I Told My Very Strict Mom About My Very Long-Distance Boyfriend

And we’re back! Another year, another set of articles. What sets this year apart from others are obvious reasons, but nonetheless, we’re back, and we’re better! The last couple of months have been a rollercoaster in terms of self-improvement, self-efficacy, and self-disclosure. I said goodbye to Davis and returned home in light of the pandemic which, for lack of a better word, has forced me to reconcile with my mom. She and I aren’t estranged whatsoever, but we do have a rocky relationship that is definitely getting better with time. However, I can’t deny that growing up in a strict household where I’m not even allowed to go to the store by myself (even at the age of 24) has built up frustration against her, and it has definitely affected my overall willingness to move home. I want to first acknowledge, though, that rebuilding relationships, specifically with family, is a two-way street. I wanted to feel better about myself and my situation with moving back home, and I knew in order to do that, I needed to disclose to my mom about the things that I’ve kept from her. So, I have told my very strict Filipino mother about my very long-distance boyfriend.

man and woman on bikes at sunset Everton Vila I’m sharing a moment of my life that I never thought would come, at least for another 20 years. I want to stress the importance and rarity of this moment. My mom is very, very strict. By strict I mean that she is like most typical immigrant parents, they have a short leash on their kids. From the get-go, I was taught and conditioned to believe that I am not allowed to have a boyfriend until I’m well into whatever career I choose. It doesn’t help that I am the youngest child in my family, and my siblings and I are quite far in age. So, the set of expectations for each child in my family are very different. I grew up with a lot of fear towards my mom. I am scared to even ask her if I can go outside because when I was growing up, she would tell me “I do not like it when you ask me if you can go out when you already know the answer. And now you’ve made me mad.” What’s worse is that that sentence is even more frightening in Tagalog.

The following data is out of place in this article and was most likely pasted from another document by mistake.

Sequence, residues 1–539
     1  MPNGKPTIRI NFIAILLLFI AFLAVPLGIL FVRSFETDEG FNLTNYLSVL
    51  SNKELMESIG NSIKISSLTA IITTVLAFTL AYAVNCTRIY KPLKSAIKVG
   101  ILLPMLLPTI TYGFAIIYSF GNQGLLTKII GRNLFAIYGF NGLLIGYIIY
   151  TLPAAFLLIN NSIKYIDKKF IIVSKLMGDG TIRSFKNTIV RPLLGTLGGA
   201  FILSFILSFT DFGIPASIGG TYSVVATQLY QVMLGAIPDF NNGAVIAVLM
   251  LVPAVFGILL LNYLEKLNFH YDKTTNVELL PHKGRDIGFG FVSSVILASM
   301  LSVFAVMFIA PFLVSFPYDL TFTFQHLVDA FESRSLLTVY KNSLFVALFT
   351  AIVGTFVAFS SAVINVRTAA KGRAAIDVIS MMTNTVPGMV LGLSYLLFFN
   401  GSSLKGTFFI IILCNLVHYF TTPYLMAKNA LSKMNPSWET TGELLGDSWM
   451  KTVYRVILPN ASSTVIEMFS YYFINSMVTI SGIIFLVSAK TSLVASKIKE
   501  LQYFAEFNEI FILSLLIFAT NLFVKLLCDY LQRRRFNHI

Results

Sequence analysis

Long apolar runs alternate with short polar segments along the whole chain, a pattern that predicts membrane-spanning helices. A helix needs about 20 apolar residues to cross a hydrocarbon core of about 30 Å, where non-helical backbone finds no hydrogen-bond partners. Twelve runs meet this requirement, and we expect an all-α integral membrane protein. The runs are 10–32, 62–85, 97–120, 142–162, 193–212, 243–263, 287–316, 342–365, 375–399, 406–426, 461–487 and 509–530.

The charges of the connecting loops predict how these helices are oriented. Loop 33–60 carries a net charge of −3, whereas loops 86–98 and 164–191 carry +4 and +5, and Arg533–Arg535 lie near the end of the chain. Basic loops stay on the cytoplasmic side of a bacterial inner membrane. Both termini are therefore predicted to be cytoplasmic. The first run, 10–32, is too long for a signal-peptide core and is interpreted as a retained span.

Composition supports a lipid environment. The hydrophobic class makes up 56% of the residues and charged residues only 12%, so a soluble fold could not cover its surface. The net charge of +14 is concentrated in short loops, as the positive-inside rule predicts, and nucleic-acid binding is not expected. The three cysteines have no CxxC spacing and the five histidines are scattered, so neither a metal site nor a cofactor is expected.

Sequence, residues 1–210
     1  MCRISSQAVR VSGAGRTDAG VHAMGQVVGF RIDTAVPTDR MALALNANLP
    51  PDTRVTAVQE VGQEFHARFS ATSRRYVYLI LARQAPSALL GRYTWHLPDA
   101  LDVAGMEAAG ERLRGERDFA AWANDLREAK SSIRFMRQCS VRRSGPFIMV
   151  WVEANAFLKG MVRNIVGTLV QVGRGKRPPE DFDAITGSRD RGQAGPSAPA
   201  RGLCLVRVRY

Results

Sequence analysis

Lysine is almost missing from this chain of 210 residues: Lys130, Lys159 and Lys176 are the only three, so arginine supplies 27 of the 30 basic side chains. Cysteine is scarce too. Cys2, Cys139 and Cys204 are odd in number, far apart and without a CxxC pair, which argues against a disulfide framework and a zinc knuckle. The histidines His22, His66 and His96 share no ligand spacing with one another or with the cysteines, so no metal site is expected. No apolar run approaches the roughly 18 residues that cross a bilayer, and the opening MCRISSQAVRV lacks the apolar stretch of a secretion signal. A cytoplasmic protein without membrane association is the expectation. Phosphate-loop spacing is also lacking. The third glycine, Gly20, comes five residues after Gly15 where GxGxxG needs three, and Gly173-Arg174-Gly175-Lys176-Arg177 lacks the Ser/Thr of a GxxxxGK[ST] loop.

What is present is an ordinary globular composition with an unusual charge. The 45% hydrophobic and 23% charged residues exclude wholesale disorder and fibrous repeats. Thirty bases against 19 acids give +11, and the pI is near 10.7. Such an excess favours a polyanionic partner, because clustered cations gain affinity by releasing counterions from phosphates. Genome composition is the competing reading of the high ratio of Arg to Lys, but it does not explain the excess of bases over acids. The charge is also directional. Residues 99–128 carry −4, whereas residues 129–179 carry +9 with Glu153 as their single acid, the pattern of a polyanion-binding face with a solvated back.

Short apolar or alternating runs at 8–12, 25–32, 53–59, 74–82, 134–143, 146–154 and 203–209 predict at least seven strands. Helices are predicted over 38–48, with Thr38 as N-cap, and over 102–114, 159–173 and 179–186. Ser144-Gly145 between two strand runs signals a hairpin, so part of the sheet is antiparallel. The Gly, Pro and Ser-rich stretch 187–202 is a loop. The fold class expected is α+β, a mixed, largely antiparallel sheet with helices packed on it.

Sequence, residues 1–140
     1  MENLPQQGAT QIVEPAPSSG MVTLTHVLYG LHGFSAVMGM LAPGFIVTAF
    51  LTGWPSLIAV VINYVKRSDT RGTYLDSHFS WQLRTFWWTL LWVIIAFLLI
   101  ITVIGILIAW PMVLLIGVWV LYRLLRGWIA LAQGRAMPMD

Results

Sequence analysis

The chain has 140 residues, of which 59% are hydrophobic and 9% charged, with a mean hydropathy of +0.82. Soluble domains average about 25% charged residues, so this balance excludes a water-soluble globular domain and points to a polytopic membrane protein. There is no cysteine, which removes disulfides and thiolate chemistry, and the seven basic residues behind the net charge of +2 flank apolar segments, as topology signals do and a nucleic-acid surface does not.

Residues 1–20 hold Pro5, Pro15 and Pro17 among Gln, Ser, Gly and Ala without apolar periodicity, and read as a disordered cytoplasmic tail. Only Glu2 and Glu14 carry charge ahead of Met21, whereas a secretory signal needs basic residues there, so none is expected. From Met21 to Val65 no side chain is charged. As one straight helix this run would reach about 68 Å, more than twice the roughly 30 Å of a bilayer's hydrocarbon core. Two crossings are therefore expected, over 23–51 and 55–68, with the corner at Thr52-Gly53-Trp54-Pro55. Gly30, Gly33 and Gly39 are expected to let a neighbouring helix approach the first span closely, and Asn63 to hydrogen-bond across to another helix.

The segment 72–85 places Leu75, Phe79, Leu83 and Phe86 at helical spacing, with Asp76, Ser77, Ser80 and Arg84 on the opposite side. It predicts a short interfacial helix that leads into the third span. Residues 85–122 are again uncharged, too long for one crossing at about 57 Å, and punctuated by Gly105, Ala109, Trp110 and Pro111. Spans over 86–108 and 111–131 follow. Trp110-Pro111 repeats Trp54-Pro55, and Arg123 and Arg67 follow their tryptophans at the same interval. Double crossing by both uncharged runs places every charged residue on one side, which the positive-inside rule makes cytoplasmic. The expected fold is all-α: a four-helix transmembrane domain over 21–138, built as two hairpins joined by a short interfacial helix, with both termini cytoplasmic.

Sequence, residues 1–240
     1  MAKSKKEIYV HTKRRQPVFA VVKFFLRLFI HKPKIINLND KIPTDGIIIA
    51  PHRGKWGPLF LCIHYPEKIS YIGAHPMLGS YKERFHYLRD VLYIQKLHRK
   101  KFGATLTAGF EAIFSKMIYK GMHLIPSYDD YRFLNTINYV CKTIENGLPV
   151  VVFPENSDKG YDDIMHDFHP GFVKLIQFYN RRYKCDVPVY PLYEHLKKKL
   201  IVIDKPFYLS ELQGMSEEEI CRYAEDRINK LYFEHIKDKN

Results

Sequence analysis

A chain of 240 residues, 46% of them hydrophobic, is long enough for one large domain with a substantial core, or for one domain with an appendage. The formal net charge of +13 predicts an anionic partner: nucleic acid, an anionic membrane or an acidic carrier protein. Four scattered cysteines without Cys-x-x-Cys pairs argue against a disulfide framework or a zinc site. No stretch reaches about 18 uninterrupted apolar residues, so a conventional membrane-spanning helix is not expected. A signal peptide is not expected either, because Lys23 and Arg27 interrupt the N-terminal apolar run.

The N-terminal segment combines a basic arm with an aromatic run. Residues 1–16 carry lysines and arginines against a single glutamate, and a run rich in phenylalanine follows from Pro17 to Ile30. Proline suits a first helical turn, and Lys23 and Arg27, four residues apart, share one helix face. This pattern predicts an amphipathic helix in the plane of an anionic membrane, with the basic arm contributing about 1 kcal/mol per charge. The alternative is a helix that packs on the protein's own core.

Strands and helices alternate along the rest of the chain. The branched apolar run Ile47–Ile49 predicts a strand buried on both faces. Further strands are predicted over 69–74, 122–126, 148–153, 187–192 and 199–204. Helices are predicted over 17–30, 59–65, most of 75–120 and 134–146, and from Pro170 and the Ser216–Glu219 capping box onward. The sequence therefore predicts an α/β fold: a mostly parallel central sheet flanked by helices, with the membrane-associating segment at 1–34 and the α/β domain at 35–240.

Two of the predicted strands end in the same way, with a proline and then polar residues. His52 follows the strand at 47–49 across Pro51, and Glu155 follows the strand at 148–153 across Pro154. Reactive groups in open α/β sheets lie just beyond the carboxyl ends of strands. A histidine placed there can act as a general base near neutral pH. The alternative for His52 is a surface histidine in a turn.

So that’s just an example of the fear that was instilled in me at a young age, I always felt scared to tell my mom the different things that were going on in my life. I know I’m not alone in this, and a lot of people can 100% relate to this, so it’s made me feel a bit better about how I grew up. Nonetheless, this way of parenting isn’t sustainable, and if anything, promotes a relationship that drives kids away from their parents. I also want to stress that I don’t blame my mom for this at all, and neither should you! A lot of the reason why our parents are the way that they are is because they grew up with the same parents, and they are just mirroring them from their own childhood. Understanding that this is a cycle rather than a personal matter helped bring me peace of mind, and it helped me gather the courage to break that cycle and just tell her about my boyfriend. 

Pexels/TanTan Danh

My boyfriend and I are long-distance, but luckily he was able to visit me during my time in Davis. He and I are very serious about each other and I knew that I had to face my fear in order for us to last while I’m at home. For the worst thing to come out of this would be that my mom somehow finds out on her own, and she realizes I had been lying to her. The day I told her, I had run a lot of errands with her. I also cooked food for her and cleaned the house a bit. I tried to do everything to prevent her from being even the slightest bit angry at me in order to prep her for the storm I was about to rain on her. I am incredibly terrified of my mom, and I don't know if that fear will ever go away, but asking your strict parent for affirmation on whether or not they’ll love you no matter is a great segway into shocking news. 

So, I then asked her, “Mom, I can tell you anything right?” because in the moments before I told her, I really did not think I could tell her anything. She replied to me and said, “I mean, yeah?” In response, I laughed nervously and said, “Oh well, I have a boyfriend.” What’s even more shocking is that my mom’s response was, “Oh! Well of course you have a boyfriend. You’re old now.” 

And that was that. A lot of my internalized fear is exactly that: fear. A big thing about becoming your own person, and being an adult is realizing that your fear is justified, but it shouldn’t hold you back from being the best person you can be.. yourself. So for me, it was getting over the fear that my mom would somehow tell me I can never have a relationship. More importantly, don’t force yourself to do something you’re not ready for. I have been with my boyfriend for over a year now but recently just told her in August. So, it’s really okay if you’re not ready to start mending a relationship with your parent! But take it from me, you can be ready...you just need to try.